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Paddington Thoughts

Paddington Thoughts

  • Comments 31

The other day, I mentioned I got sucked off on a high priority project shortly after I returned from my vacation.  I was asked to help out with the EU protocol documentation effort, working on a couple of the documents (based on some stuff I did back when I worked in the Lan Manager group).

I'm pretty darned proud of the work that the people on the documentation team have done - the specifications that were produced are really quite impressive.


But what most impressed me the most was the amount of work that the people working on this project have spent on it - I just got roped in to help with the final push, but some of those people have been working 16 hours a day, 7 days a week for months and months on this stuff. 

The level of dedication to this project that I saw was as much or more than I've seen on ANY other Microsoft project.  These guys figuratively worked their fingers to the bone typing up documents - countless late hours spread across the entire team.

In particular, the work of Henry Sanders, Iain McDonald, and several others was absolutely heroic.  Henry personally reviewed and provided technical feedback on every single specification that was submitted to the EU.  For the specification I wrote, there's no way that it couldn't have been completed without Henry's insightful comments and the invaluable help of David Kruse (he's the guy who's currently responsible for networking code I wrote back when I was on the NT networking group), and of course Veronica Skeels who made all the words I wrote look professional.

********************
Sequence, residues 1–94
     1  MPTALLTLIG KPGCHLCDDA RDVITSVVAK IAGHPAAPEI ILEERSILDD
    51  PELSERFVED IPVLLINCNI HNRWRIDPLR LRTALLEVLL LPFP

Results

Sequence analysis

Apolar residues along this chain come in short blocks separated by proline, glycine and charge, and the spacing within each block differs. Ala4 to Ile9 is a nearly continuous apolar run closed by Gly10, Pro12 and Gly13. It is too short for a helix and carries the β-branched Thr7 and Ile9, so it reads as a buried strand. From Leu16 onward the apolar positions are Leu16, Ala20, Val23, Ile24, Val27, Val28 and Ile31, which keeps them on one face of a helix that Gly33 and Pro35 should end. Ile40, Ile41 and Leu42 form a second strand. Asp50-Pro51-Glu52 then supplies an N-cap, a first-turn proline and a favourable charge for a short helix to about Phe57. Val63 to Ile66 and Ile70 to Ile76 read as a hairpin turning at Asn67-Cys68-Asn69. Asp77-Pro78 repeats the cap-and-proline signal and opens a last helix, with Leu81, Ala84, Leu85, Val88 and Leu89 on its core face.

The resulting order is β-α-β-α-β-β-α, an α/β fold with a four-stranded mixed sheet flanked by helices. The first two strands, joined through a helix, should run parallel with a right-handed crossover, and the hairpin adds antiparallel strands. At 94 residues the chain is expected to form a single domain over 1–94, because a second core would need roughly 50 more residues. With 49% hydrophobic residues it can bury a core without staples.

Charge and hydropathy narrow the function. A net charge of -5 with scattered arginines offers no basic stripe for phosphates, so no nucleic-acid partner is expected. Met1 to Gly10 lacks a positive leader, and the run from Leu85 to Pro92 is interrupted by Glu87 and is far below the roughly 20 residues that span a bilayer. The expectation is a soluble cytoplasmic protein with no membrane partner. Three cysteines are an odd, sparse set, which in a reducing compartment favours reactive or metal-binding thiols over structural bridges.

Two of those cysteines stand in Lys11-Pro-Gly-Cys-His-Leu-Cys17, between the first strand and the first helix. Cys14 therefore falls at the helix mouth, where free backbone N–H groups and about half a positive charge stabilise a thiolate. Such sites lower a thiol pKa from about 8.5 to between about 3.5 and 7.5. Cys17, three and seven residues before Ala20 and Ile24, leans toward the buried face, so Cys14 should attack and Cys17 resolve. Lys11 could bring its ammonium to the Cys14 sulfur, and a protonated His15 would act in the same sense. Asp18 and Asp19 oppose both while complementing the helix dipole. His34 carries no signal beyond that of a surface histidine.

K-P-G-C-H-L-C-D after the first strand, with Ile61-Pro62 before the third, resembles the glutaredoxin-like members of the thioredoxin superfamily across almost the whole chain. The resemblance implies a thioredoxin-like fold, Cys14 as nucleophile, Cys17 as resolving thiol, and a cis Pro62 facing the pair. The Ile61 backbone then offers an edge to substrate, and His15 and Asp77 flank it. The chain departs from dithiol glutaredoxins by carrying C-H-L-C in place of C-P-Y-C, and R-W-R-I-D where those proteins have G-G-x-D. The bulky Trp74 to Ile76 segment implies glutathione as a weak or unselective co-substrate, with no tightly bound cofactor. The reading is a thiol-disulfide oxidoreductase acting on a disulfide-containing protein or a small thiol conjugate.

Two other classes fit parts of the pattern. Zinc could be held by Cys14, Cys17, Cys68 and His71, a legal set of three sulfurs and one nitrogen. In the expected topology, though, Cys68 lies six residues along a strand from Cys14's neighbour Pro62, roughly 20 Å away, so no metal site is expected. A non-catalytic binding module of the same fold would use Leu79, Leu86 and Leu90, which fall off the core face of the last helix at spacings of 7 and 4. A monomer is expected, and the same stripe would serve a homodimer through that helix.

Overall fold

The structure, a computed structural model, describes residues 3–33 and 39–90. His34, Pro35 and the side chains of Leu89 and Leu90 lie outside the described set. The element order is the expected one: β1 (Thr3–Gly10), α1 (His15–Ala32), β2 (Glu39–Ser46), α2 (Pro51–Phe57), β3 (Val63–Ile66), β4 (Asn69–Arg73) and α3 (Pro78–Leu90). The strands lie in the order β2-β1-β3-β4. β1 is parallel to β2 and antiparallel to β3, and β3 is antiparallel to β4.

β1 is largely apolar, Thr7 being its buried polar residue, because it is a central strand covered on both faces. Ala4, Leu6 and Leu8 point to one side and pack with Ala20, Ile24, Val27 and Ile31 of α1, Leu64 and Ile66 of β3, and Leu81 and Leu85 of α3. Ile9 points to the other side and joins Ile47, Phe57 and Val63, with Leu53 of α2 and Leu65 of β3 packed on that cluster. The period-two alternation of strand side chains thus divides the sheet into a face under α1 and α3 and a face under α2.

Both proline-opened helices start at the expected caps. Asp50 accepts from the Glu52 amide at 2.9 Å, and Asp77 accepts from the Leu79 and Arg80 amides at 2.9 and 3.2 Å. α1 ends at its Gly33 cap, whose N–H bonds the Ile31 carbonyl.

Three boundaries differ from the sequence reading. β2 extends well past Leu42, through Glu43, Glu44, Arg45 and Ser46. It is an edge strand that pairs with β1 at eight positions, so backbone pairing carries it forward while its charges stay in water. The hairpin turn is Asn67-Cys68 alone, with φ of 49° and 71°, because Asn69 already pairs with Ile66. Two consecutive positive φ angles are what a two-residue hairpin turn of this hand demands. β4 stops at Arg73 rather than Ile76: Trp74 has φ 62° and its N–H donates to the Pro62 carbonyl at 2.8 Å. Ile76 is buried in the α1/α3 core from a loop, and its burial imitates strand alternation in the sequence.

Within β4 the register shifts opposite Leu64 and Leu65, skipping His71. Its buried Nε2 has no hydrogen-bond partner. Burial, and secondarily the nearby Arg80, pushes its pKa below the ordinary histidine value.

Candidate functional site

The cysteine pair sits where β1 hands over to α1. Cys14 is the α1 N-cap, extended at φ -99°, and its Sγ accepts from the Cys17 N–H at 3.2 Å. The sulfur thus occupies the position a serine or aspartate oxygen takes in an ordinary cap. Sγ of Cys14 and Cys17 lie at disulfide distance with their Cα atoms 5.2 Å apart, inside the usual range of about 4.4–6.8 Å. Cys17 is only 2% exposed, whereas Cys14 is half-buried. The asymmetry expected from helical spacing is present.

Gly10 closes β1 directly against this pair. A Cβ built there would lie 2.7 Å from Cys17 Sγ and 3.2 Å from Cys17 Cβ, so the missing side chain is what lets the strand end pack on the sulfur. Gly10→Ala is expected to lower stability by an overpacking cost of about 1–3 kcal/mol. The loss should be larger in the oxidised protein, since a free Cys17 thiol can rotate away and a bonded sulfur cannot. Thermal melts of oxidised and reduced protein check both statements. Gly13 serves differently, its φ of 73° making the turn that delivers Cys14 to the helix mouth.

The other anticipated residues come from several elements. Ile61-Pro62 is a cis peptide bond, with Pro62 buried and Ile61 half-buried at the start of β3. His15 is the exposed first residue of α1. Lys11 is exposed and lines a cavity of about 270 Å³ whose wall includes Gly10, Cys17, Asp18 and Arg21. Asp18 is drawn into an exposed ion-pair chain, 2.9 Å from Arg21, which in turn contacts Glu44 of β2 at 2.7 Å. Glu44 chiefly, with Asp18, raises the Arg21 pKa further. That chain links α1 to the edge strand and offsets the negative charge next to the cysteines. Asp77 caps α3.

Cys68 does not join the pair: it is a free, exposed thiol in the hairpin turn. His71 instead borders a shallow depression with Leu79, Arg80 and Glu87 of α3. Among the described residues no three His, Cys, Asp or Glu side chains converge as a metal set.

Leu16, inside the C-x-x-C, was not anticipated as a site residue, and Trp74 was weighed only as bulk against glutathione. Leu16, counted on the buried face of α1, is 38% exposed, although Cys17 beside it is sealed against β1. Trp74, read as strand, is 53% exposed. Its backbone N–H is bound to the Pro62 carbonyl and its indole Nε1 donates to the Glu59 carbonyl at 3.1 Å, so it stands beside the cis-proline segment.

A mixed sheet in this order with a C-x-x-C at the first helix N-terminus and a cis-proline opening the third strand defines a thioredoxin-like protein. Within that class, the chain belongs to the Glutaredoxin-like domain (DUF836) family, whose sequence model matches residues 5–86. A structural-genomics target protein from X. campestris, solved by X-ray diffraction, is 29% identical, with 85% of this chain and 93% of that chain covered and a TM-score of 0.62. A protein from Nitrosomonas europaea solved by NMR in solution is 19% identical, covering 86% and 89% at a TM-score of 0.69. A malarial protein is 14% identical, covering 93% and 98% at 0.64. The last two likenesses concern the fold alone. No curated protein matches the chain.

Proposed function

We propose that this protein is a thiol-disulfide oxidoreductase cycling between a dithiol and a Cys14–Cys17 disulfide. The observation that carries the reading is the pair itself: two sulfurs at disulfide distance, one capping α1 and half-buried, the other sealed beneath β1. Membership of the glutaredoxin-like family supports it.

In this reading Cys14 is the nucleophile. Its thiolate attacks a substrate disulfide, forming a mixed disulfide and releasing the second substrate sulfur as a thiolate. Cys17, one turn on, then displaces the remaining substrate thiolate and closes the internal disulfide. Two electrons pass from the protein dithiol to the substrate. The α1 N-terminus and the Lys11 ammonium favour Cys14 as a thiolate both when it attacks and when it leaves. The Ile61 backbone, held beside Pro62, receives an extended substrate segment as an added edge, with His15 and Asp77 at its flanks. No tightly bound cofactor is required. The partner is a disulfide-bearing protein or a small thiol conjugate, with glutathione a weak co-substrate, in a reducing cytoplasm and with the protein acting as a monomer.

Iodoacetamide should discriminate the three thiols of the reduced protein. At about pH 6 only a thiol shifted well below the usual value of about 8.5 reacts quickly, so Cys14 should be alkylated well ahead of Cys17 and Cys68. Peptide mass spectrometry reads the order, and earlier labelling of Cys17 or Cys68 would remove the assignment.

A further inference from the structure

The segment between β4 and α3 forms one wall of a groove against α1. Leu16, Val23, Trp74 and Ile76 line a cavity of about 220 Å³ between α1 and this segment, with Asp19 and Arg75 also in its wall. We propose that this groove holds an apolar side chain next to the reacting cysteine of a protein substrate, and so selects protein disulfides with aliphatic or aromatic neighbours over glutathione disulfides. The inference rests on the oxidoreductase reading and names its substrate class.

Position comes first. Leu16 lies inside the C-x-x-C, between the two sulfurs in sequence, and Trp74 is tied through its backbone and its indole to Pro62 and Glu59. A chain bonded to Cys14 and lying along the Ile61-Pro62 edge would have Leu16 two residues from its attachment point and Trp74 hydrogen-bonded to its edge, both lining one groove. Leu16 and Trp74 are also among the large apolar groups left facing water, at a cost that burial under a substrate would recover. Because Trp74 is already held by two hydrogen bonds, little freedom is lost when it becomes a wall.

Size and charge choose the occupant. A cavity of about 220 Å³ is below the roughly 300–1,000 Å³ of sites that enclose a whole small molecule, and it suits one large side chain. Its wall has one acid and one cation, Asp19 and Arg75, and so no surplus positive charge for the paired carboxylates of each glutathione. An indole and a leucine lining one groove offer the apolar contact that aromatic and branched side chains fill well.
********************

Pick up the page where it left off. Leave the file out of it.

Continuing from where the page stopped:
I'm not going to say one word about the politics of the EU documentation work, I just want to recognize the truly remarkable work and the heroic effort that was done on the project.


  • I just hope they're being paid well for sacrificing themselves on the company alter.   ;)

    Sure, crunch time happens, but for months on end? They must really love their jobs, the poor bastards.
  • I've said it before and I'll likely say it again: For protocols for communication (incl. e.g. data file formats) specifications must be available, and competition should be on Quality Of Implementation. Any entity failing under those conditions deserves it, for not being able to create even "good enough" implementations.

    What I find deeply disturbing about this, is that the documentation wasn't already available, and that it even required this "heoric effort".

    Should I have been in the unfortunate position to be more-or-less forced by my company to work around the clock to provide documentation for something the company itself should have had readily available since a decade and more, I'd be mighty pissed off at that company.

    The fact Microsoft only does this when facing multi-billion dollars in fines is a sad display of the kind of mentality that must have prevailed for over a decade - implement communication protocols without proper specifications. Who the heck even comes to think of the idea? It's enough to make a grown man scared.